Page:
Tuesday, October 13, 2015

BLM computer used to impersonate former employee, disparage two ranchers

Mateusz Perkowski Capital Press

A U.S. Bureau of Land Management computer was apparently used to impersonate a former agency employee and disparage two Oregon ranchers recently sentenced to prison for arson.

The incident occurred after the Capital Press posted an online article about the five-year prison terms received by Dwight Lincoln Hammond, 73, and his son, Steven Dwight Hammond, 46, for fires set on BLM property near Diamond, Ore., in 2001 and 2006.

A person who identified as Greg Allum posted three comments on the article, calling the ranchers “clowns” who endangered firefighters and other people in the area while burning valuable rangeland.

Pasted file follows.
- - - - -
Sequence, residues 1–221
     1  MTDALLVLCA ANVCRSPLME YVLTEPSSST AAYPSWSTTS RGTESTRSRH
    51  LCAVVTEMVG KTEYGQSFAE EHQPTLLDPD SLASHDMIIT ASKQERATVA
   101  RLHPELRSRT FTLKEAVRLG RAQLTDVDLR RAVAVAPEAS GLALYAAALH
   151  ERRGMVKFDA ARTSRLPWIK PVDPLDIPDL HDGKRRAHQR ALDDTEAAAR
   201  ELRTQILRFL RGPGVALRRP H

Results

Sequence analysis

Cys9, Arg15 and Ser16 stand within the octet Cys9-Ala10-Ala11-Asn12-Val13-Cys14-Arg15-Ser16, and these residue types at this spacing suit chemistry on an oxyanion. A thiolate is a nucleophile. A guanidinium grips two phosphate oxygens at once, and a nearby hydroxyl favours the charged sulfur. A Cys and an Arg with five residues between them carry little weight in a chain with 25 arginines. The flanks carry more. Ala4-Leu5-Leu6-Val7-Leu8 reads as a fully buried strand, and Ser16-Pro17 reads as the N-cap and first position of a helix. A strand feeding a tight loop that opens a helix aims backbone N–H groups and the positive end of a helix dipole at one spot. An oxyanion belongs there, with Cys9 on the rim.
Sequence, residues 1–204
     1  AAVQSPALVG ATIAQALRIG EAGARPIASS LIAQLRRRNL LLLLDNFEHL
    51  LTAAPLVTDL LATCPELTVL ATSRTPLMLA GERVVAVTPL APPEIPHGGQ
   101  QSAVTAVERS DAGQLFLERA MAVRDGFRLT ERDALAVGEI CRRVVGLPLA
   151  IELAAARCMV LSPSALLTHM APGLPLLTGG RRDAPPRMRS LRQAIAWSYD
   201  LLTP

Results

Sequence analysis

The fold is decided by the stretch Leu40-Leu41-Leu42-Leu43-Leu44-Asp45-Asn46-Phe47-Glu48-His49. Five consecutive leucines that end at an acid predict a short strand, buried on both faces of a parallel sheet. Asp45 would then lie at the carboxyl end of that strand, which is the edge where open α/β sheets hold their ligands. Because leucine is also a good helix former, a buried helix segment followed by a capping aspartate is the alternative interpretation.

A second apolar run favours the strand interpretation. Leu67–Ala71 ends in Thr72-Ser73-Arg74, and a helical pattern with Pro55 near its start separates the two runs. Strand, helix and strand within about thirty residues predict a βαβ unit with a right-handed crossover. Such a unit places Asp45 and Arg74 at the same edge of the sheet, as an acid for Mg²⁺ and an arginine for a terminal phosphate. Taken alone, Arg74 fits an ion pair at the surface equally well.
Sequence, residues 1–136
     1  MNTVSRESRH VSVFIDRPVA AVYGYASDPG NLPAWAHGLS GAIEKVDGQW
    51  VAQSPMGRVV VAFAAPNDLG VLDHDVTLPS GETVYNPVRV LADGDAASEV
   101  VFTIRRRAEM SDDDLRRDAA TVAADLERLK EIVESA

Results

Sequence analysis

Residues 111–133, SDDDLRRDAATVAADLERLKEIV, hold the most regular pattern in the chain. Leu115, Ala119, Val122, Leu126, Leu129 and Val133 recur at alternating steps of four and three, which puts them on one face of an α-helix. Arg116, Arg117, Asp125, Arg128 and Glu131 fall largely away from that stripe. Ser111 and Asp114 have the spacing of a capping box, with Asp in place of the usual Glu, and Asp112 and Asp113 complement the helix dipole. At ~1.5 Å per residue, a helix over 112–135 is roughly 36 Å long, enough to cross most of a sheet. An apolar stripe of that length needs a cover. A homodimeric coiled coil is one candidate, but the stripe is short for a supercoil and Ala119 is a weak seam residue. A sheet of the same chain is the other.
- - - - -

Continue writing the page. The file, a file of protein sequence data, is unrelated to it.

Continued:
Greg Allum, a retired BLM heavy equipment operator, soon called Capital Press to complain that he had not made those comments and request that they be taken down from the website. Capital Press has since removed the comments.

A search of the Internet Protocol address associated with the comments revealed it is owned by the BLM’s office in Denver, Colo.

Allum, who continues to build livestock watering systems in Eastern Oregon, said he is friends with the Hammonds and was alerted to the comments by neighbors who know he wouldn’t have written them.

“I feel bad for them. They lost a lot and they’re going to lose more,” Allum said of the ranchers.
He said employees of the BLM in the area have long had a contentious relationship with the Hammonds.

“They’re not terrorists. There’s this hatred in the BLM for them, and I don’t get it,” Allum said.

Allum said he wants any BLM employees involved in the incident punished not because they impersonated him, but because they wasted government resources during work hours.

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